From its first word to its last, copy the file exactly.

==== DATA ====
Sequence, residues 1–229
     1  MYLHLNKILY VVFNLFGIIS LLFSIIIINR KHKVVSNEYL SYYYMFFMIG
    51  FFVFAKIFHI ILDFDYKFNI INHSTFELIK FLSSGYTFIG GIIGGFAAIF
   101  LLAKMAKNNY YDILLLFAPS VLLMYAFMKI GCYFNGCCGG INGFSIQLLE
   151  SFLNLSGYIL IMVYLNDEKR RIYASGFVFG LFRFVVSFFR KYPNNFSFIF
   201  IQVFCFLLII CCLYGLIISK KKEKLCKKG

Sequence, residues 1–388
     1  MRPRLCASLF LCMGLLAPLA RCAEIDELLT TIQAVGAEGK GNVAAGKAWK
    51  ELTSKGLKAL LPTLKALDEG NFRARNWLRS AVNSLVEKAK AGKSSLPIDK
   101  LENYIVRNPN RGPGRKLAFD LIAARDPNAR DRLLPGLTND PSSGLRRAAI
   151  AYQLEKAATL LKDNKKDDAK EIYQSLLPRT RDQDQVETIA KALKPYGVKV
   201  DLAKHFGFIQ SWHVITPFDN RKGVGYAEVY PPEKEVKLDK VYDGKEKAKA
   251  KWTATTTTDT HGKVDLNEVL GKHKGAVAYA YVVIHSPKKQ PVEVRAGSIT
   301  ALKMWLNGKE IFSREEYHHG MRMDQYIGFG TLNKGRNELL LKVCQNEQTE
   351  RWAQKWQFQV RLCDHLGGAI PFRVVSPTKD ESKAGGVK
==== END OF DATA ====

Sequence, residues 1–229
     1  MYLHLNKILY VVFNLFGIIS LLFSIIIINR KHKVVSNEYL SYYYMFFMIG
    51  FFVFAKIFHI ILDFDYKFNI INHSTFELIK FLSSGYTFIG GIIGGFAAIF
   101  LLAKMAKNNY YDILLLFAPS VLLMYAFMKI GCYFNGCCGG INGFSIQLLE
   151  SFLNLSGYIL IMVYLNDEKR RIYASGFVFG LFRFVVSFFR KYPNNFSFIF
   201  IQVFCFLLII CCLYGLIISK KKEKLCKKG

Sequence, residues 1–388
     1  MRPRLCASLF LCMGLLAPLA RCAEIDELLT TIQAVGAEGK GNVAAGKAWK
    51  ELTSKGLKAL LPTLKALDEG NFRARNWLRS AVNSLVEKAK AGKSSLPIDK
   101  LENYIVRNPN RGPGRKLAFD LIAARDPNAR DRLLPGLTND PSSGLRRAAI
   151  AYQLEKAATL LKDNKKDDAK EIYQSLLPRT RDQDQVETIA KALKPYGVKV
   201  DLAKHFGFIQ SWHVITPFDN RKGVGYAEVY PPEKEVKLDK VYDGKEKAKA
   251  KWTATTTTDT HGKVDLNEVL GKHKGAVAYA YVVIHSPKKQ PVEVRAGSIT
   301  ALKMWLNGKE IFSREEYHHG MRMDQYIGFG TLNKGRNELL LKVCQNEQTE
   351  RWAQKWQFQV RLCDHLGGAI PFRVVSPTKD ESKAGGVK